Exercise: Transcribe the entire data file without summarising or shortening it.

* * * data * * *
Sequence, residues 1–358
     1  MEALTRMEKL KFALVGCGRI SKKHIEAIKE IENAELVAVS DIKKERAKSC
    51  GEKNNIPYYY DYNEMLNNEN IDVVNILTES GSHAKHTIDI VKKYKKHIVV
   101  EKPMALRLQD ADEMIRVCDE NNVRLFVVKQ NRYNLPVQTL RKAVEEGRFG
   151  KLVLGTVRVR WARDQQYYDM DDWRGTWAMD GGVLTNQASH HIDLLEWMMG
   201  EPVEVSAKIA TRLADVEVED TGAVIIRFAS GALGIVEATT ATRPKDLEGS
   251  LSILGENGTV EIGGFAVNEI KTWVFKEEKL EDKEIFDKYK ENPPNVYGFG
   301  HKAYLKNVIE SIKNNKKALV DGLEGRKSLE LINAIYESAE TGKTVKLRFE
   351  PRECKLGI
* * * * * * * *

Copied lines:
Sequence, residues 1–358
     1  MEALTRMEKL KFALVGCGRI SKKHIEAIKE IENAELVAVS DIKKERAKSC
    51  GEKNNIPYYY DYNEMLNNEN IDVVNILTES GSHAKHTIDI VKKYKKHIVV
   101  EKPMALRLQD ADEMIRVCDE NNVRLFVVKQ NRYNLPVQTL RKAVEEGRFG
   151  KLVLGTVRVR WARDQQYYDM DDWRGTWAMD GGVLTNQASH HIDLLEWMMG
   201  EPVEVSAKIA TRLADVEVED TGAVIIRFAS GALGIVEATT ATRPKDLEGS
   251  LSILGENGTV EIGGFAVNEI KTWVFKEEKL EDKEIFDKYK ENPPNVYGFG
   301  HKAYLKNVIE SIKNNKKALV DGLEGRKSLE LINAIYESAE TGKTVKLRFE
   351  PRECKLGI